Deutsche Securities Korea has decided to shut down its equities sales and trading business in Seoul as part of its global downsizing of investment banking entities by 2022 to achieve cost efficiency.
The plan does not translate into Deutsche Securities Korea’s outright departure, as it seeks to retain its brokerage business. Operations of Deutsche Bank AG’s Seoul branch will also remain intact.
The German banking group’s Seoul subsidiary held a shareholders’ meeting on July 24, as part of radical restructuring that involves cutting 18,000 jobs, removing the equities business and reducing its fixed-income business.
Following the meeting, it will seek approval from the Financial Services Commission, a financial regulator, for its restructuring plan.
This came after Deutsche Securities Korea gained approval from its board of directors on July 18 for plans to scrap equities sales, trading of equities and derivatives on the bourse and equities research capacity, according to a disclosure to the Korea Financial Investment Association.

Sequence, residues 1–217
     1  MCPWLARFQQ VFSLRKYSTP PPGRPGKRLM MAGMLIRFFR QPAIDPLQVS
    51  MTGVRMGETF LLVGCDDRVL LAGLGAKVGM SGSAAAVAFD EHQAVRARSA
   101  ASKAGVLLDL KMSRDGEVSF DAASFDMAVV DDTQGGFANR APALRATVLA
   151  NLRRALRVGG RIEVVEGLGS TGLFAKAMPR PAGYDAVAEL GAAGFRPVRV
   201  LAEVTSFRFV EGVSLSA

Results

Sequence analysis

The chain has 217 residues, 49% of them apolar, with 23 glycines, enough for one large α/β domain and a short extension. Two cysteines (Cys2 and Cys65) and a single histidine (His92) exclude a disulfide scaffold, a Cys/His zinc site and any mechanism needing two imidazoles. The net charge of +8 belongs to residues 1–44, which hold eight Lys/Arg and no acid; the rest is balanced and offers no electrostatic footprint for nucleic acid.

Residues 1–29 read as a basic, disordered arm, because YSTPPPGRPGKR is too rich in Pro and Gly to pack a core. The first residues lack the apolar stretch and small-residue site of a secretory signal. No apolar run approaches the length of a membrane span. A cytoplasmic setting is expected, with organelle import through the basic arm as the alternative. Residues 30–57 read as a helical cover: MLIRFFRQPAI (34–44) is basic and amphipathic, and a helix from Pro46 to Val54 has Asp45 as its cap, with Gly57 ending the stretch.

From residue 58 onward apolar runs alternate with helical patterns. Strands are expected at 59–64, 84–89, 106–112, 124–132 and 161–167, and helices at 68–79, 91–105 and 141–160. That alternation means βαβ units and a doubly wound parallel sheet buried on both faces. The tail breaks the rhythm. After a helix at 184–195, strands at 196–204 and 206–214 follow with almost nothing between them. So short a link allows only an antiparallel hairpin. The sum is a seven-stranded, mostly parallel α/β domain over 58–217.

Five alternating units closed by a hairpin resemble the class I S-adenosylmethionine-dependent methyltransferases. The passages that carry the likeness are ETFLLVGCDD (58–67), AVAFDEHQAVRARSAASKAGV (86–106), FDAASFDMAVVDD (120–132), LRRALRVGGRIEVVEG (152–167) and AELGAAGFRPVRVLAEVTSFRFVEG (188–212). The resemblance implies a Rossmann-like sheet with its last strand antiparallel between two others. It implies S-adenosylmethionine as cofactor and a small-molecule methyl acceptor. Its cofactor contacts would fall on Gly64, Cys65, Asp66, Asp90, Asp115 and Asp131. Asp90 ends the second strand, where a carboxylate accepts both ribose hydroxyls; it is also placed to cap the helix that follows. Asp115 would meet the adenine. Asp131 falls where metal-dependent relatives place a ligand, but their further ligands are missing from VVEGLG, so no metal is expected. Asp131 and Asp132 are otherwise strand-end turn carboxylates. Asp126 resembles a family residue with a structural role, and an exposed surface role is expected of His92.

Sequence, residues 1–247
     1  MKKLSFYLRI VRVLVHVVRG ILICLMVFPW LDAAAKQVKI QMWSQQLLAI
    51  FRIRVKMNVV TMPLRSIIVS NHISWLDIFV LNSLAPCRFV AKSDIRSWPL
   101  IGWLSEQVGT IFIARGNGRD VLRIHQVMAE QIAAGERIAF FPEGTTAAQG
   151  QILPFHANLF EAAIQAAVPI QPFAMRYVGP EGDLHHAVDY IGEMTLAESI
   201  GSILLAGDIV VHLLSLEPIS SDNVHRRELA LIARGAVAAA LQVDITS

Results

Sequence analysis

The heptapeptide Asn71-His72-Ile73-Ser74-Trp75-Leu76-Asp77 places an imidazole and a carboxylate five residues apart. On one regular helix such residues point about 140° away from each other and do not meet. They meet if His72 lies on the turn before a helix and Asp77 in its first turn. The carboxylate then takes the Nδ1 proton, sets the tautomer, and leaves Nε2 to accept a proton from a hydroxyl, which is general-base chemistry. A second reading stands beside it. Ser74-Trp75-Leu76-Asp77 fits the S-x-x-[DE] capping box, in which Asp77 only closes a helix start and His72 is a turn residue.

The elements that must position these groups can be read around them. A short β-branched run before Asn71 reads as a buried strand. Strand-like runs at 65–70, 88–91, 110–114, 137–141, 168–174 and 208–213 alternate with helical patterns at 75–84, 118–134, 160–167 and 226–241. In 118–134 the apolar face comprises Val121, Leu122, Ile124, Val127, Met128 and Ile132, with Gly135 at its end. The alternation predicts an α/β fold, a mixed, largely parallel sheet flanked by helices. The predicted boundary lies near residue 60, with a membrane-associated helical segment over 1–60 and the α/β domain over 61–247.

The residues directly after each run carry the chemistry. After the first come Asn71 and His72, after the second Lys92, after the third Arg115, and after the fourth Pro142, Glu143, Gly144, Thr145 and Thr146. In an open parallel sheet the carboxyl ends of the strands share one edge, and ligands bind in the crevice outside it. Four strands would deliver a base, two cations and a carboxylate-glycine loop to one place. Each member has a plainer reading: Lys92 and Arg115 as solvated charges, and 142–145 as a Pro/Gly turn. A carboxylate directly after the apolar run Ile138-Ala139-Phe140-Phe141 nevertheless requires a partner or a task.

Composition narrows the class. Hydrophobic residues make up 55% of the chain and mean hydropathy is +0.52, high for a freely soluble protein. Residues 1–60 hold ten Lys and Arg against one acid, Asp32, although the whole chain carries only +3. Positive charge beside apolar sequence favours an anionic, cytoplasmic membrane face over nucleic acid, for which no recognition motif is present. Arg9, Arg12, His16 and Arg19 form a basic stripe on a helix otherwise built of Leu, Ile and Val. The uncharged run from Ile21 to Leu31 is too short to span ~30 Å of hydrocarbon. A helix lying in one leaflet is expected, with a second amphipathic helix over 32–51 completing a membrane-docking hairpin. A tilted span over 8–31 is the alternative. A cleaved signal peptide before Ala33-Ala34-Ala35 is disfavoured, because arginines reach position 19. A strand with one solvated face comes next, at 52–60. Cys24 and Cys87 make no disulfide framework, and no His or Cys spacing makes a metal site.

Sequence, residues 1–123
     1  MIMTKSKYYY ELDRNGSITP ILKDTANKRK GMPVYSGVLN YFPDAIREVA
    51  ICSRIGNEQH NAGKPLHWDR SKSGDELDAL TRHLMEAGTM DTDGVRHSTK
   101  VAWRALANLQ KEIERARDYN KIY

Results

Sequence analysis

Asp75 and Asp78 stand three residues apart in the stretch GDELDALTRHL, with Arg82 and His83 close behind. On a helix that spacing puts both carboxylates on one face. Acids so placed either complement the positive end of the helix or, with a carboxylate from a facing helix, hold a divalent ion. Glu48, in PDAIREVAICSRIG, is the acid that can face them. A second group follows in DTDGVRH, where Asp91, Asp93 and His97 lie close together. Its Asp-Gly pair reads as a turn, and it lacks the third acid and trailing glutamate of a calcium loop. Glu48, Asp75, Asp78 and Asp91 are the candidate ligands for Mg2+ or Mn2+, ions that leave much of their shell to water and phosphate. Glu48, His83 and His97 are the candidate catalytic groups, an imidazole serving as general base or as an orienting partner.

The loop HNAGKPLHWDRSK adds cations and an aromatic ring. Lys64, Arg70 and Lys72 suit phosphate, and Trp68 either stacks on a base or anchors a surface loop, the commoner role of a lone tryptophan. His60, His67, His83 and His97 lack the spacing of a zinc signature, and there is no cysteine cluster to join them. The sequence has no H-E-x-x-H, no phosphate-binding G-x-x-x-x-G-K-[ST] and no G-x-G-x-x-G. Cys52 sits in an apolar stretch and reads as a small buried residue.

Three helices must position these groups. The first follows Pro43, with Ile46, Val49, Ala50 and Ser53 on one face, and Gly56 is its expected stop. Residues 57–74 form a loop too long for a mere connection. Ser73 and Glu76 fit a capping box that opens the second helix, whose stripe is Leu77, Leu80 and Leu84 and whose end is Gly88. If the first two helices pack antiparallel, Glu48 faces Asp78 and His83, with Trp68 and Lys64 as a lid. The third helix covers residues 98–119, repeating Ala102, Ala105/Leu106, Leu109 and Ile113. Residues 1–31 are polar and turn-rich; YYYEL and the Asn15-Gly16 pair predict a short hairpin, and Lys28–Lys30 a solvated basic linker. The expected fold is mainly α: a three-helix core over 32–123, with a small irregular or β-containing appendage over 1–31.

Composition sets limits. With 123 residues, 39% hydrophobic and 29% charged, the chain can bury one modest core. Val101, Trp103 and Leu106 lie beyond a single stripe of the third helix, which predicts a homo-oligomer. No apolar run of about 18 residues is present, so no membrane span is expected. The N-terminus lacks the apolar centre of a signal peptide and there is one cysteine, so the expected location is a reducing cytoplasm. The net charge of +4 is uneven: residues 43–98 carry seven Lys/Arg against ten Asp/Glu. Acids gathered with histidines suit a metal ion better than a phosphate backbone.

Employees dedicated to the operation have reportedly been laid off. Deutsche representatives could not be reached for comment.
The restructuring comes in part due to slow growth and low interest rate globally that has undermined the profitability of Deutsche Bank worldwide.
Deutsche Securities Korea is wholly owned by Malta-based Deutsche Holdings. It was founded in 2000 and started operations in Korea in 2001. As of end-2018, its net income nearly halved to 1.3 billion won ($1.1 million). Its operating profit for 2018 fell to one-quarter from the previous year.
By Son Ji-hyoung (firstname.lastname@example.org)